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Is the best trade of 2013 losing its luster?

Akio Kon | Bloomberg | Getty Images

Betting on yen weakness has been touted as the trade of the year, but with the currency hitting seven-week highs against the dollar, analysts are starting to question if the popular wager is losing its luster.

The yen strengthened to 96.60 against the greenback on Thursday, moving even further from the psychological 100 mark, as the prospect that the U.S. Federal Reserve may be less aggressive in tapering its monetary stimulus took the shine off the dollar.

(Read More: Where's the yen going? Look to the Fed for answers)

Expectations that Japanese investors would switch out of overseas currencies ahead of a mid-August holiday also helped support the yen, which has gained more than 3 percent since the low of 99.94 notched in the past week.

The strengthening yen has also caused a rout in the Japanese stock markets. The benchmark Nikkei has tumbled 6 percent so far this week, led by exporters who stand to lose their competitive edge with a robust currency.

(Read More: Will Japanese Tax Consume the Yen's Strength?)

"The idea of buying dollar-yen, which was once touted as one of the best trades of 2013 is now looking tenuous," said Kathy Lien, managing director of FX strategy at BK Asset Management.

"The break of prior 1-month low puts dollar-yen at risk of slipping down to its June lows near 95," she added.

Financial markets have been fixated on the volatile moves in the yen this year.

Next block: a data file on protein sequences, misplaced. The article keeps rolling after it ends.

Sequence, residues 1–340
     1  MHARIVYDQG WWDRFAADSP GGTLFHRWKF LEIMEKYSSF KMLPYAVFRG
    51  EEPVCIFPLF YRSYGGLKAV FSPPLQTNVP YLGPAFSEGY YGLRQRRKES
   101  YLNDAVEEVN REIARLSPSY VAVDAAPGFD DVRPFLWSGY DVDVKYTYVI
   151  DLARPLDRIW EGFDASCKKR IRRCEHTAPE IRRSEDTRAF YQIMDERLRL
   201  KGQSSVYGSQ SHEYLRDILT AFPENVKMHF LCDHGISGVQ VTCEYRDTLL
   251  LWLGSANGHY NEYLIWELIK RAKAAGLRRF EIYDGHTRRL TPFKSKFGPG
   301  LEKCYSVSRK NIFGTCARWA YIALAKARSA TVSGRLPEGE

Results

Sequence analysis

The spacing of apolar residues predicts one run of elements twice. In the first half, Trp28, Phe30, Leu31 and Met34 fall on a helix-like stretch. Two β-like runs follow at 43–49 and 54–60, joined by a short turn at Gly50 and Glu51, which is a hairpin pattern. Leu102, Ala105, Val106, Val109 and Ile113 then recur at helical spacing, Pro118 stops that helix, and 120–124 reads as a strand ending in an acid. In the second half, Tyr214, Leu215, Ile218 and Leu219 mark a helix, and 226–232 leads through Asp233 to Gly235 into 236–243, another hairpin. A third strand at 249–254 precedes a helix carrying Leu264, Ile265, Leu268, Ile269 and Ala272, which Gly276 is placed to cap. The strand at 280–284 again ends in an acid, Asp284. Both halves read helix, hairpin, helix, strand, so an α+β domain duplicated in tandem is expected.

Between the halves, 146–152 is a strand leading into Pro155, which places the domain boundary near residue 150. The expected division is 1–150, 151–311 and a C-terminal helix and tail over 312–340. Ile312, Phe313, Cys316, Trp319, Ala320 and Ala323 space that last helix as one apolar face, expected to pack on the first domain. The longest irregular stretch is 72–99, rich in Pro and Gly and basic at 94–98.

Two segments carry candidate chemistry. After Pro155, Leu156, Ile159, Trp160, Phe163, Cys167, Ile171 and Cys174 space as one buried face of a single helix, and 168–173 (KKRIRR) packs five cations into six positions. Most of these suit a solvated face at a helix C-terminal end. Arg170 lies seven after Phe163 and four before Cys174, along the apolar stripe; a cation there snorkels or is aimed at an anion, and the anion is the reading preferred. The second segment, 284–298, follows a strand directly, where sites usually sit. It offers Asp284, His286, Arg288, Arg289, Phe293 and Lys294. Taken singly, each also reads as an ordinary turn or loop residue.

(Read More: Here's what could make or break Abe's reform plan)

The currency fell as much as 30 percent against the dollar in May from last November when Prime Minster Shinzo Abe's ambitious plan to revive Japan's flagging economy. But doubts over the effectiveness Abe's plan tempered the losses in recent months. The yen is currently down around 11 percent versus the greenback this year.

"Investors are still wary about the structural side of things and about whether you can get some really serious reforms," said Brian Jackson, global FX strategist at Coutts, referring to the "third arrow" of Abe's plans to implement structural reforms.

The first "two arrows" of easy monetary policy and fiscal spending have already been implemented earlier this year.

(Read More: Japan Fires 'Third Arrow,' but Will It Work?)

"(The Japanese government) have a lot of political opposition to them so it's not (going to be) as easy getting them through, as it was in terms of the monetary and fiscal policy that have already been implemented...and until we do see that I wouldn't be surprised to see some further moves in that direction (yen strength)," Jackson added.

Market watchers say the direction of the yen could hinge on the outcome of the debate of Japan's plans to hike consumption tax. Japan is due to raise its sales tax in April to 8 percent from 5 percent, and to 10 percent in October 2015, in a move that will help the economy cut its fiscal debt of over 200 percent of GDP.

(Read More: Sales tax hike will hurt but is necessary: IMF)

Critics of the tax say the measure could hamper Japan's nascent economic recovery, and recent media reports have suggested Prime Minister Shinzo Abe is considering delaying the hike.

Analysts at BNP Paribas, said shorting the yen was not advisable at the moment for this reason.

"We think yen short positions (the largest G10 position as per BNP Paribas' FX positioning analysis) remain at risk in the weeks ahead on growing uncertainty over passage of the consumption tax hike," they said in a note on Thursday.

By CNBC's Katie Holliday: Follow her on Twitter @hollidaykatie

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